The Smarter Lunchrooms Movement, a $22 million federally funded program that pushes healthy-eating strategies in almost 30,000 schools, is partly based on studies that contained flawed — or even missing — data.
The main scientist behind the work, Cornell University professor Brian Wansink, has made headlines for his research into the psychology of eating. His experiments have found, for example, that women who put cereal on their kitchen counters weigh more than those who don’t, and that people will pour more wine if they’re holding the glass than if it’s sitting on a table. Over the past two decades he’s written two popular books and more than 100 research papers, and enjoyed widespread media coverage (including on BuzzFeed).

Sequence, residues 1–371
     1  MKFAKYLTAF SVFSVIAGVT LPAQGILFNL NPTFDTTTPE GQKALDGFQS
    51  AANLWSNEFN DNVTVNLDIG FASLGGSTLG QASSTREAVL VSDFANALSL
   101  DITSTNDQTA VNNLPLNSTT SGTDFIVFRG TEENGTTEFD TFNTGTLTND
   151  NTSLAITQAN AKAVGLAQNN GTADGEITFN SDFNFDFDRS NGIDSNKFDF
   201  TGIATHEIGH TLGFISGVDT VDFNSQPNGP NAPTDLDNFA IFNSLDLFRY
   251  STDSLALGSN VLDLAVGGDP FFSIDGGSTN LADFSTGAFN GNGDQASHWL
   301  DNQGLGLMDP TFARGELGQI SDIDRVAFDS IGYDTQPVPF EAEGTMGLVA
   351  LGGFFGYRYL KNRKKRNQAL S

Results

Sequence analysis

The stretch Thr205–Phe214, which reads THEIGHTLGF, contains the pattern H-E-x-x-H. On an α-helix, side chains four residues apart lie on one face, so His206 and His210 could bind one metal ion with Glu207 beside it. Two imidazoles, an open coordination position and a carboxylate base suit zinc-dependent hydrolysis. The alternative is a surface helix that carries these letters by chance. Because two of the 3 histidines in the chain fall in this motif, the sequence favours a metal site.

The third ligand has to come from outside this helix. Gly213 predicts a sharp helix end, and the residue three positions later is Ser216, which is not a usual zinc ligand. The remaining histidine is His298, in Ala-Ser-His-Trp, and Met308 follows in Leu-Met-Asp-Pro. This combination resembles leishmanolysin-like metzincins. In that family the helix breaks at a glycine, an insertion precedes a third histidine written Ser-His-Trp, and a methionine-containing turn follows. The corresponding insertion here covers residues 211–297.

Yet over the past year, Wansink and his “Food and Brand Lab” have come under fire from scientists and statisticians who’ve spotted all sorts of red flags — including data inconsistencies, mathematical impossibilities, errors, duplications, exaggerations, eyebrow-raising interpretations, and instances of self-plagiarism — in 50 of his studies.